Where Goeth Evil?

Where Goeth Evil?

The Universe is neither good nor evil. It is indifferent. The Human race and all life on earth could disappear in a flash and the Universe would continue right along unperturbed. Here on Earth Mother Nature’s children are, for the most part, locked in a competitive struggle for continued existence. It’s an “each one eat one—he who hesitates is lunch—might makes right—survival of the fittest” kind of world. That’s just the way Nature works. Everything you ever ate was alive at one time and had to die to sustain you (salt, milk, and honey are exceptions). The terms “good” and “evil” don’t seem to apply in this context either.

Good and evil are moral abstractions derived from the attempts of human beings to cooperate and thus improve their chances of survival. “Good” is any human behavior that promotes or enables cooperation and “evil” is the opposite. This cooperation, known as “civilization,” is an exception to Nature’s general rule of competition. It’s like a fragile bubble of calm afloat in an often-violent sea.

Outside the bubble other species have developed rudimentary cooperative techniques. There is the symbiosis between species such as flowering plants and pollinating insects, and certain insects (ants, termites, bees, etc.) build organizational structures that are reminiscent of cities. These, however, are not conscious efforts but genetic adaptations. In addition, some higher forms of life are seen to cooperate at the family or larger level such as a pride of lions or a herd of bison. Furthermore, some of the higher life forms, when invited inside the bubble, become domestic and show a measure of cooperation with humanity. However, outside the bubble the predominate rule remains competition and nothing else comes close to the extent of cooperation found between human beings, imperfect as it is.

There is a temptation to project the moral terms of human cooperation onto Mother Nature. If one witnesses a mountain lion kill a fawn in the presence of the mother deer, empathy for the agony the mother must feel can tempt a person to apply the term “evil” to the mountain lion. But “Nature [is] red in tooth and claw,”* and such a usage is misplaced. In the great American classic Moby Dick by Herman Melville, the central and unifying theme of the book is just such a projection. Captain Ahab in an earlier encounter with the white whale was severely injured including the loss of a leg. He casts his intense desire for revenge in terms of “good” verses “evil,” and sees himself as similar to St. George in pursuit of the dragon. Eventually he does come up with Moby Dick again and sets out to slay the whale. The whale, however, fights back and wins. The ship is sunk and all aboard perish with the exception of Ishmael who lives to tell the tale.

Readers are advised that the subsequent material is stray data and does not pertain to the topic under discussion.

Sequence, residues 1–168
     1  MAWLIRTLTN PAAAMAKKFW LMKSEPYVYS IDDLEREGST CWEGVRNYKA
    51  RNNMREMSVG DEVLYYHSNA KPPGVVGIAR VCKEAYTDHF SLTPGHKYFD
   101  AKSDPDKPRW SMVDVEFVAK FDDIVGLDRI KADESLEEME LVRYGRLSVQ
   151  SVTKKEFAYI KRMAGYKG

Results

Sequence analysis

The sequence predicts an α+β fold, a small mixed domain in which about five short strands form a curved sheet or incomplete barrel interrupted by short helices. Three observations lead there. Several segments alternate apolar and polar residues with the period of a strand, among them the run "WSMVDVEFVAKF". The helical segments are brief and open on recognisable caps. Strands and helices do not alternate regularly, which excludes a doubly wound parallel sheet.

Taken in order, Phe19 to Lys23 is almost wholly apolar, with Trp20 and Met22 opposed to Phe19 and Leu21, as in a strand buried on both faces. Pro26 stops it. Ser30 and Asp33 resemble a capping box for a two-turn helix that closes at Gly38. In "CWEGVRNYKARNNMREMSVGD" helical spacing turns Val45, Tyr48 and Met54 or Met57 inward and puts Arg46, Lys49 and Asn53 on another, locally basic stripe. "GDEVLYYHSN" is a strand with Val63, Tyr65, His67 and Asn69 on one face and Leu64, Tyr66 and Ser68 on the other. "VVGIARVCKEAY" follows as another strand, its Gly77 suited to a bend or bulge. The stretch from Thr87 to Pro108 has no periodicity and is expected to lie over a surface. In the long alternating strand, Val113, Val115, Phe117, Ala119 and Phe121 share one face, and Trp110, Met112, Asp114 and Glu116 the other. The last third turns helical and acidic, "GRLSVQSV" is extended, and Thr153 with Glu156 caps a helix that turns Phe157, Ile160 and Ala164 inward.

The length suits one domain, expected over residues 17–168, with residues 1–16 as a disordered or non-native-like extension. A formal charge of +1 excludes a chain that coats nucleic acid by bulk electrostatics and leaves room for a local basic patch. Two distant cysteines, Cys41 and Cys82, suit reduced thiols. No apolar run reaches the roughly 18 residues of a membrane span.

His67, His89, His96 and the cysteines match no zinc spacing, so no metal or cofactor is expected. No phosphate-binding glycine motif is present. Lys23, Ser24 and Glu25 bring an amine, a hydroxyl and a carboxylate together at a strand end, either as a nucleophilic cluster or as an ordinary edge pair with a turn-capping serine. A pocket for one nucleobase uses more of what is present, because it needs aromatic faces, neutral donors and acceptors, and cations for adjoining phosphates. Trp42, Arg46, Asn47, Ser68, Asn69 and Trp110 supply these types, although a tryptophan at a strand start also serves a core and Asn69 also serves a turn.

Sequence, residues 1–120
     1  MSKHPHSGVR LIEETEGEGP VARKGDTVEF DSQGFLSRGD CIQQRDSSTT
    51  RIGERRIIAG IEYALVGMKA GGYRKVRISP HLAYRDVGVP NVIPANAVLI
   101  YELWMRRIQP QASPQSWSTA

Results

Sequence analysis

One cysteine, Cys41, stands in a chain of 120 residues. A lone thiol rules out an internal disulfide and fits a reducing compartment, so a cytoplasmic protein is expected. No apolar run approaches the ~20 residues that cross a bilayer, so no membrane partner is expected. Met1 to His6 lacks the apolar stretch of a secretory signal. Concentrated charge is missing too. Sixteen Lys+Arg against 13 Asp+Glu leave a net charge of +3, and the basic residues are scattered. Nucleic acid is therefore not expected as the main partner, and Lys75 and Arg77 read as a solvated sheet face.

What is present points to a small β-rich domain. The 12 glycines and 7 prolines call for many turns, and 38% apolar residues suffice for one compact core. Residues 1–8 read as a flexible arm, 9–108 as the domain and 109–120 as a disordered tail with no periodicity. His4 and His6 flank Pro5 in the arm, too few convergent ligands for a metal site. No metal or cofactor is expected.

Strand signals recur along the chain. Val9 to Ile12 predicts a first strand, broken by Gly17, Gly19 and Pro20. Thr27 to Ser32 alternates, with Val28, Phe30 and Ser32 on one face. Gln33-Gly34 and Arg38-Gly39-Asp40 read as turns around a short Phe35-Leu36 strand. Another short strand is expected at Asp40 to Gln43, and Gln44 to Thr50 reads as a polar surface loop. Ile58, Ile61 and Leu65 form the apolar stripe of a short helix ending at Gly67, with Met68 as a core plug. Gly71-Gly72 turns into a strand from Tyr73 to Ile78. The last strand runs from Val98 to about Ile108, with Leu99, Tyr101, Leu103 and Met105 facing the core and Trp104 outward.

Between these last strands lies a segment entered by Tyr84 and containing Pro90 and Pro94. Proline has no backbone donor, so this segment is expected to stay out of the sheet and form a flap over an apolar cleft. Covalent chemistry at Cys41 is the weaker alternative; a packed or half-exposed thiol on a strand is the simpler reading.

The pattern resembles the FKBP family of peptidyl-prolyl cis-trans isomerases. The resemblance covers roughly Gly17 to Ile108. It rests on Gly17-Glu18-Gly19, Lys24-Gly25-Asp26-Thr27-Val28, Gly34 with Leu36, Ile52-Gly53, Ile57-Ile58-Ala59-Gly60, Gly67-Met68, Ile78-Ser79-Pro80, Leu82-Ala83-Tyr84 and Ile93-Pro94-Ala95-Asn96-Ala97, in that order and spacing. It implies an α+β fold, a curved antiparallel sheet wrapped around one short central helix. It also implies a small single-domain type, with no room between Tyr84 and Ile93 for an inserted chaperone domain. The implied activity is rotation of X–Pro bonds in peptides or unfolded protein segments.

Was the whale evil? Of course not, Moby Dick was simply doing what all life forms in Nature do, he was struggling to survive. If there was evil present it was Ahab himself whose obsession with revenge resulted in the destruction of his little piece of the bubble, the ship PEQUOD and it’s crew.

Occasionally, a natural event such as a storm or an earthquake destroys a piece of the bubble, but even though such an event can be bad for civilization, it is not evil. On the other hand, a disastrous natural event is often exacerbated by human actions such as looting and that is evil.

Originally the bubble of civilization was quite small and only encompassed the family, but over time we have learned to live in successively larger and larger societies. Now, the scope of civilization is world wide, though the quality is not perfect and competition still plays a subsidiary role within. . . We are still learning.

R. L. Mason
Mendocino, California

*Alfred Lord Tennyson, In Memoriam

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Friday, November 14th, 2008 Where Goeth Evil? No Comments